The notion of having no trustee representation past grade eight does not appeal to the local separate school board.
In fact, Education Director Paul Jackson said continual lobbying will be done to the Education Improvement Committee in Toronto until it agrees to include a separate school trustee position for the new district public school board.
"I can say it is a concern of both the Fort Frances-Rainy River separate board and the Dryden separate board," Jackson said yesterday from his office in Dryden.
Neither the local nor Dryden board are non-extended, meaning their education systems only go up to grade eight. Both boards have made arrangements to send their students to high schools in the public system--a fact that won’t change under the new district board that takes effect Jan. 1.
Linda Pruys, the current separate school trustee on the local public board, said the position was cut based on a population equation provided by the government.
"The numbers didn’t warrant it though it wasn’t very much short," she said.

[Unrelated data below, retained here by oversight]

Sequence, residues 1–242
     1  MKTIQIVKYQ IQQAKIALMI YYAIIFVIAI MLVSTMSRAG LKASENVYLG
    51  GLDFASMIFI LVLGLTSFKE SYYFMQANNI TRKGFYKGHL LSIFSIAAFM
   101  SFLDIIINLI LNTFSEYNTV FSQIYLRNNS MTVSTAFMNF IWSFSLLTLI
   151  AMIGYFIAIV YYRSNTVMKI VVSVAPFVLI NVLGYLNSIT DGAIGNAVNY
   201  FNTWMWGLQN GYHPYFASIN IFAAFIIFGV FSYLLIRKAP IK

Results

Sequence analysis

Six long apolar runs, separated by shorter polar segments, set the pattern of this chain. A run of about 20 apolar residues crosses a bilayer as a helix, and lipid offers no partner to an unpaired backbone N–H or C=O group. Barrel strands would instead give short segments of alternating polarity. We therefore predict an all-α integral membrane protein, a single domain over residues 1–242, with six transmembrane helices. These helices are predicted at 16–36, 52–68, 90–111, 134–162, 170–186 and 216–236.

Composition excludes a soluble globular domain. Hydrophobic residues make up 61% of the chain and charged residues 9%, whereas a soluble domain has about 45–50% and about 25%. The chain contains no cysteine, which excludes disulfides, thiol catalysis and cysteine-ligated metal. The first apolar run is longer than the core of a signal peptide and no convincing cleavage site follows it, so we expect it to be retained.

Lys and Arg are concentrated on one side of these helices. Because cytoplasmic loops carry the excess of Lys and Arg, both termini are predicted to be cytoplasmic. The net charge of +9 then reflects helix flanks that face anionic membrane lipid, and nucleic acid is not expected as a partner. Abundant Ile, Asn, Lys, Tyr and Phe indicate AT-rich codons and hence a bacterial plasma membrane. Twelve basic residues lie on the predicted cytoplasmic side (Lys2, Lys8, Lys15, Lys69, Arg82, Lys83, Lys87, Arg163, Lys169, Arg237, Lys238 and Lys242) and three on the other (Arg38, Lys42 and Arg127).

Her biggest worry, however, is representation. Removing the separate school trustee from the public school board effectively cuts some parents’ say in how their children are schooled.
"There just won’t be any voice looking after the concerns of Catholic high school kids," she said.
"What we’re being told is we will have a say by being part of school councils," Jackson added, questioning exactly how much authority a school council will have.
"I’m not sure if that answer suits our ratepayers."
Even though separate school taxes would be redirected to pay for separate school students in the high school, a ratepayer’s designation would not switch over.
That means separate system ratepayers with children in a public high school could not run as a public school trustee.
"It’s a group of people paying tax with no representation," Pruys remarked.
"They really only have a say in their children’s education at the elementary level," Jackson said.
"We have our children attending those high schools. We need to have a say on the board," he stressed.